REVIEW: Synetic Theatre delivers a creative take on the classic fairy tale ‘Beauty and the Beast.’
Synetic Theatre’s production of “Beauty and the Beast” is described as family friendly, but make no mistake, this is no happy Walt Disney cartoon musical. This lavish Beauty and the Beast is told in the best tradition of classic fairy tales – it is dark and eerie.
The 18th century French fairy tale has been frequently reimagined and Synetic’s creative team focuses on the sensuality and darkness of this original gothic romance and turns it into something not experienced before in previous reiterations, or as a Synetic poster reads it is “…without the singing teapot.” In fact there isn’t a tea pot in sight, even though there are dancing figures in the performance carrying lighted candelabra in an obvious acknowledgement to Disney’s colorful animated version of the story.
The construct of the magical tale, as presented by Paata Tsikurishvili, Synetic’s artistic director, and adapted by Ben and Peter Cunis, follows a young prince who fell in love with a beautiful girl, Emmeranne. As in often-troubled fairy tale loves, his royal parents objected and the craven prince claimed he had been bewitched by the beautiful girl. She was then declared a witch and burned at the stake.
We are now immediately aware that this is a very different Beauty and the Beast. As Emmeranne is dying — all this action takes place in silhouette as a witch, also named Emmeranne, narrates and stage manages the story – she curses the prince and the curse turns him into Beast.
Unfortunately the witch, a properly evil Renata Veberyte Loman, has to relate what has happened and creates an impatience for the story to begin. When it does it has been worth the wait. Beast, Vato Tsikurishvili, is a sympathetic creature wonderfully costumed by Kendra Rai. He is a silent, troubled figure, moving with an athletic grace. He doesn’t need to speak and is effectively choreographed by Synetic’s uniquely talented Irina Tsikurishvili.
As the story goes, with obvious comparative echoes from Cinderella and even King Lear, there is a merchant with three daughters: two are selfish and one is selfless and beautiful. Her name is Belle, Irina Kavsadze, she is a delicate beauty and it is understandable that Beast falls for her.
Beast cannot be saved from his ugliness until he learns to love and his only remaining human part – his heart – he places in a rose. The merchant stumbles onto Beast’s castle and plucks the rose and then Beast threatens him and demands his youngest daughter as a price.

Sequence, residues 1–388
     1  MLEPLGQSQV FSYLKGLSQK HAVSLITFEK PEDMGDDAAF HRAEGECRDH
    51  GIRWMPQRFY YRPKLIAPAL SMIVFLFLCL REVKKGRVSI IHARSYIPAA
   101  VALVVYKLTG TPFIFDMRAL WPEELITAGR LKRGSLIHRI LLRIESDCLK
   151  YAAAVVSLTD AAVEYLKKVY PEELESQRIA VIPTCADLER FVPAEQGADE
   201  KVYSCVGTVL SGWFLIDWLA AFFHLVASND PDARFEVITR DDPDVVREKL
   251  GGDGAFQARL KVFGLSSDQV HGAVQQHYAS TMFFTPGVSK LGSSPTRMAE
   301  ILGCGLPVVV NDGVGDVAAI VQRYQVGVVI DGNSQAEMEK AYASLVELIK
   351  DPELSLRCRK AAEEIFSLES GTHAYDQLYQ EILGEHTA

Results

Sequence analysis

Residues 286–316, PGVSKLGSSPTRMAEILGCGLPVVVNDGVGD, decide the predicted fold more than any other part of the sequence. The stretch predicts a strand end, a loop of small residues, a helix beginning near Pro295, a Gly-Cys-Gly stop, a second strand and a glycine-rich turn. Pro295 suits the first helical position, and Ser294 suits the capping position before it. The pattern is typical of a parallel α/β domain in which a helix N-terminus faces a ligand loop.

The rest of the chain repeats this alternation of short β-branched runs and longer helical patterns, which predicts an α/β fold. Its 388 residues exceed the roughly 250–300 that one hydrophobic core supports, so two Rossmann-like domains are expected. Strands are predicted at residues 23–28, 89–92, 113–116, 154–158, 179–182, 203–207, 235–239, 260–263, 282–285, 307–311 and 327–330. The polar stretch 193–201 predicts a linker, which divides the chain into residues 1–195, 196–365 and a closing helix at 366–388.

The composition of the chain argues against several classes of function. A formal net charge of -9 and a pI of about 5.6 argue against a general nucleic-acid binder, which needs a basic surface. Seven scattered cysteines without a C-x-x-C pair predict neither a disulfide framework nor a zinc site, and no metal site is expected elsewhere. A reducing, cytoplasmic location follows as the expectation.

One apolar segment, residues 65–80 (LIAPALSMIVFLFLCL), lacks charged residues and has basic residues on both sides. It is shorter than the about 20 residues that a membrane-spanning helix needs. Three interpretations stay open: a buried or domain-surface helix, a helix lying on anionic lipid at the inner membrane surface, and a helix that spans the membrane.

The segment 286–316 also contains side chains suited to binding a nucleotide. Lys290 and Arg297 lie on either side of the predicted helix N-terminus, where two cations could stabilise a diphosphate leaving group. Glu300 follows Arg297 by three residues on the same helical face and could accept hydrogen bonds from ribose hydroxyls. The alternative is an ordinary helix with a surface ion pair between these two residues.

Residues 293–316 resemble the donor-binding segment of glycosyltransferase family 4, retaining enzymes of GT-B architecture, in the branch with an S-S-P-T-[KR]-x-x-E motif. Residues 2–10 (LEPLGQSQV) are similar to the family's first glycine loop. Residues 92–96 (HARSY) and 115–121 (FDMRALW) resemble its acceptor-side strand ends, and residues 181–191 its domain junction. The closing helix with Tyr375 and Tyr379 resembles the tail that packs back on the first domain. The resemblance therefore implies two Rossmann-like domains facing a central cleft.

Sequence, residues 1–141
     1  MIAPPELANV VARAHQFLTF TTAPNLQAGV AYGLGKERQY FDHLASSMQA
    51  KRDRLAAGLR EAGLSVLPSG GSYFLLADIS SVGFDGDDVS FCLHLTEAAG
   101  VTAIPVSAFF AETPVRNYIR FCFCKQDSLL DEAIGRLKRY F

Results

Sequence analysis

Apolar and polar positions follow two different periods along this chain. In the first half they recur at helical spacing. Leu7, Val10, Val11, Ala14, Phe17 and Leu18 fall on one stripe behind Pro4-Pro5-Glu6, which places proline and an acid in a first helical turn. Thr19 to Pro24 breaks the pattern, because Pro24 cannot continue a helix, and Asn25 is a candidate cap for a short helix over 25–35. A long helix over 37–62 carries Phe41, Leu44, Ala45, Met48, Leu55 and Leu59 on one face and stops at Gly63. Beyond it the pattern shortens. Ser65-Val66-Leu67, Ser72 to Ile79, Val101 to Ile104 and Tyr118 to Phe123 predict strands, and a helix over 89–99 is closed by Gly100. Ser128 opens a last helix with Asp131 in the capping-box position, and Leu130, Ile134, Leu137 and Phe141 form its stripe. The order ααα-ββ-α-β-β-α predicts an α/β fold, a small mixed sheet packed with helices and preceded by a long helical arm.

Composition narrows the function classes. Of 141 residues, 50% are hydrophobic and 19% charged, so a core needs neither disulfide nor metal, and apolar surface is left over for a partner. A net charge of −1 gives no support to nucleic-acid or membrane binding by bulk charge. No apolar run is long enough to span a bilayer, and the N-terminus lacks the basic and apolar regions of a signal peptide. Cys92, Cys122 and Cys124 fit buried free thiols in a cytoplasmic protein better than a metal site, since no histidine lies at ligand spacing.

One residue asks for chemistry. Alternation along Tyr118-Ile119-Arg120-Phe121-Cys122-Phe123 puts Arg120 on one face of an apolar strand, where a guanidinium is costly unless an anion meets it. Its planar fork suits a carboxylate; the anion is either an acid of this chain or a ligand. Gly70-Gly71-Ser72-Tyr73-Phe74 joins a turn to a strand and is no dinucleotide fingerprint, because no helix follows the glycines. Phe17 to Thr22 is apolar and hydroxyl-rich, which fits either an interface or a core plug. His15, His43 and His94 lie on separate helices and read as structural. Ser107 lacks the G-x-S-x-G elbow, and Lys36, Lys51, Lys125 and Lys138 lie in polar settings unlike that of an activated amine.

Thus begins the unexpected attraction that develops into love, even though the Beast is frightening to Belle at first. It is the familiar story that loves conquers and the Beast, who doesn’t really seem to deserve forgiveness, since his cowardliness caused the death of his love, is returned to his human form and lives happily ever after (it is presumed) with Belle.
There seems to have been less of Irina Tsikurishvili’s innovative athletic, dance movements in this production than in previous Synetic performances. But anything at Synetic is creatively unique. This production has a spooky set design by Daniel Pinha, with a ragged, hanging sheet of cloth extending almost into the audience. The haunting mood of this Beauty and the Beast is evident walking into the theater.
The set is enhanced by the careful lighting design of Brittany Diliberto and Thomas Sowers‘ supportive sound design. Advertised to be accessible to children over seven, the fact that the show runs, without intermission, for 100 minutes, challenges the attention spans of children in that age category. While the recent trend of productions that are staged without intermissions improves the theatrical experience for most adults, it is difficult for children to sit still that long. I was there with my twin, nearly 8-year-old grandchildren. They were mesmerized for the first 40 or so minutes, but became fidgety and restless as it progressed. They needed a break.
Beauty and the Beast may not be as family friendly as Paata Tsikurishvili claims, but it is worth the time and worth exposing older children to the literary world of fairy tales. And for adults, the technology and performances on this production are virtually flawless, a real treat for an elegant look at a well-worn classic. Synetic, as usual, continues to stretch and expand the theatrical experience.